Yesterday, at Liverpool Crown Court, a Heswall man was one of eight sentenced to a total of 106 years imprisonment for drugs conspiracy offences.
The sentences follow an operation into the conspiracy to supply Class A drugs in 2016, an investigation which resulted in the seizure of 7kg of unadulterated heroin, 10,000 MDMA tablets and over 9kg of cocaine and 11,000 diazepam tablets. All in all, the drugs recovered were given a street value of £1.4m, alongside around £200,000 cash.
This group and their co-conspirators were responsible for the supply of hundreds of kilos of Class A drugs, with values (in terms of expenditure) in excess of £9m between the end of January and the beginning of July 2016.
Peter Atherton, 43 years of Mostyn Avenue, Heswall was sentenced to 18 years, nine months
Leon Hinchcliffe, 34 years of Grasmere Avenue, Noctorum was sentenced to 22 years, six months
Christopher Thomas, 41 years of Hornby Road was sentenced to 16 years and five years to run concurrent
Michael Brady, 39 years of Tern Way, Moreton was sentenced to 14 years
Ian Rowley, 40 years of Hornby Road was sentenced to 12 years, eight months
Neil McWilliam, 39 years of NFA was sentenced to four years
Colin Chesters, 33 years of Pasture Road, Moreton was sentenced to nine years
Allan McNelis, 42 years of Dickens Close, Prenton was sentenced to nine years
Hinchliffe was arrested in December 2016 and Atherton was arrested on 21 November, 2017 in Spain after being subject of a European Arrest Warrant (EAW) and he was brought back to the UK in December.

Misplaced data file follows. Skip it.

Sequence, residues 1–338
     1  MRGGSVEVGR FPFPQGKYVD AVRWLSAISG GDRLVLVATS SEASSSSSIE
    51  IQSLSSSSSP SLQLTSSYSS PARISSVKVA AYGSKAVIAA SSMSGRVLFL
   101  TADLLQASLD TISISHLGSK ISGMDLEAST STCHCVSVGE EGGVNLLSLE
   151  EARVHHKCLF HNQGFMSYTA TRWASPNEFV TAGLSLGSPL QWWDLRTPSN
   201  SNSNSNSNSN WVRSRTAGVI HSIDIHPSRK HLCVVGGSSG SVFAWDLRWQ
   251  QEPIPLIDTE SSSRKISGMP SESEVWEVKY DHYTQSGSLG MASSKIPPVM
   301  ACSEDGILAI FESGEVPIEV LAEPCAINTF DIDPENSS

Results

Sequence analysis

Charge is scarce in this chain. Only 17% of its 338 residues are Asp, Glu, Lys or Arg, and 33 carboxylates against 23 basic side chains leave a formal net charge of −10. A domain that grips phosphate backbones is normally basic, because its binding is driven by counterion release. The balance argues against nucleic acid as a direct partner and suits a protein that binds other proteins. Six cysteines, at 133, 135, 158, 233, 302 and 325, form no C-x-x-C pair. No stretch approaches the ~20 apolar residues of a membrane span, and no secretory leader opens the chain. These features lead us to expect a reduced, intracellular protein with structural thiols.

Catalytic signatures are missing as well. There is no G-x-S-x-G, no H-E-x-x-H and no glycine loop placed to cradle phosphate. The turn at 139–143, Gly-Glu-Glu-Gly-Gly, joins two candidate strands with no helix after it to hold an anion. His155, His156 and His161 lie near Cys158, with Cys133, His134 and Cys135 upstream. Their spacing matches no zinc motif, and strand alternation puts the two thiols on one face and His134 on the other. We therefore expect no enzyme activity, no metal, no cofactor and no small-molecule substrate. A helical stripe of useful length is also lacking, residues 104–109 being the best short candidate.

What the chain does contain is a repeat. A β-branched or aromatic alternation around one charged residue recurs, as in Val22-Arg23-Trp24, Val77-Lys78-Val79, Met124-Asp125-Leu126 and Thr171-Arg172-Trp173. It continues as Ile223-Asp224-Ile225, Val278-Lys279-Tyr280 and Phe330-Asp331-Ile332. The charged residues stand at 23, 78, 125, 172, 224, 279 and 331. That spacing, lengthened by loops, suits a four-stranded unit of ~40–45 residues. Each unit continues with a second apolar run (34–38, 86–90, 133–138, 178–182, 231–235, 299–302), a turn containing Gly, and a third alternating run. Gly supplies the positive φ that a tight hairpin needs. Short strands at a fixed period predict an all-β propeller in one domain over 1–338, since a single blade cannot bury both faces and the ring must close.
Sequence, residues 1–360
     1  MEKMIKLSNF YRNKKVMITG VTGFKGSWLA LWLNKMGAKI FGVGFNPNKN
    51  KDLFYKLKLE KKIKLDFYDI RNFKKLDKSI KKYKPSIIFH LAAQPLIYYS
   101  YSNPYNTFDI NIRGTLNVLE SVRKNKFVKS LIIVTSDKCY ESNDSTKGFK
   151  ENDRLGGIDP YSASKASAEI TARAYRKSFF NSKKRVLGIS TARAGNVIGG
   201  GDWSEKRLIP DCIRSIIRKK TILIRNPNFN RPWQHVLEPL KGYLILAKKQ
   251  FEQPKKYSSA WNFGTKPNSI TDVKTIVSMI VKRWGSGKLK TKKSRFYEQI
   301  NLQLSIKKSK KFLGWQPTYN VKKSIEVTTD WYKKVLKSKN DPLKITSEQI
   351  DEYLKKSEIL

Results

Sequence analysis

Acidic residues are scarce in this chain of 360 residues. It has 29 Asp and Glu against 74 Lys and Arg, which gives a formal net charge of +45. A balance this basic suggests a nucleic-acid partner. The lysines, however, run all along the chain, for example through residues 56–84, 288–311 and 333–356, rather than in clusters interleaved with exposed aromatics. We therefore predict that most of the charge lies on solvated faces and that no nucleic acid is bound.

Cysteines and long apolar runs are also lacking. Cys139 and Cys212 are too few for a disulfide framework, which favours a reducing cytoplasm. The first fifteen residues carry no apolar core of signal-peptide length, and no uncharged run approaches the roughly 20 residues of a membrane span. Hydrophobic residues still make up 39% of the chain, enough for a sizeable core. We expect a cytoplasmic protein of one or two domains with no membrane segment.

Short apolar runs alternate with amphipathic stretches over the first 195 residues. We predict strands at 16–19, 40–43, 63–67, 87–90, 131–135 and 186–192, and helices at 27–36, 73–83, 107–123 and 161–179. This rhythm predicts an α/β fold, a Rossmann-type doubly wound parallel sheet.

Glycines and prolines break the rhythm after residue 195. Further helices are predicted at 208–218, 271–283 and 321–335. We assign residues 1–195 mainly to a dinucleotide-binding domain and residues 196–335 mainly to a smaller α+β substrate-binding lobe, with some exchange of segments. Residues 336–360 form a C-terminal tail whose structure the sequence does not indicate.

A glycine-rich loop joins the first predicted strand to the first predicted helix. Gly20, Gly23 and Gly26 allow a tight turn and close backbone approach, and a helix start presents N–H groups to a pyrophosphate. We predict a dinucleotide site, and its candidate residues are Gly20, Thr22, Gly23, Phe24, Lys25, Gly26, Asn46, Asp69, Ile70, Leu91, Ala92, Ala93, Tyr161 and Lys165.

Detective Sergeant Katherine Ashburner said: “Working alongside our partners with Europol and the NCA, we were able to bring Atherton back to the UK to face justice. We will be relentless in tracking down those who think they can run and hide in other countries.
“This was a long-running and complex investigation into large-scale drugs supply and these offenders, as with others involved in serious and organised crime, never gave a second thought to the effects of their involvement in the supply of Class A drugs. Their own ledgers revealed that they moved cocaine to the value of £9million – destined for UK streets, where these drugs cause harm and misery in communities.
“I would like to take this opportunity to appeal to anyone who has any information about drug supply and any serious organised crime to come forward and tell us. If you let us know, I can assure you we will take positive action and as we have done here, take those responsible for drug crime off the streets and help you to improve your community.”
Anyone with information on suspected drug supply is asked to contact @MerPolCC, 101, speak to local officers or you can call the independent charity @Crimestoppers anonymously and for free on 0800 555 111 or via their online form:https://crimestoppers-uk.org/give-information/give-information-online.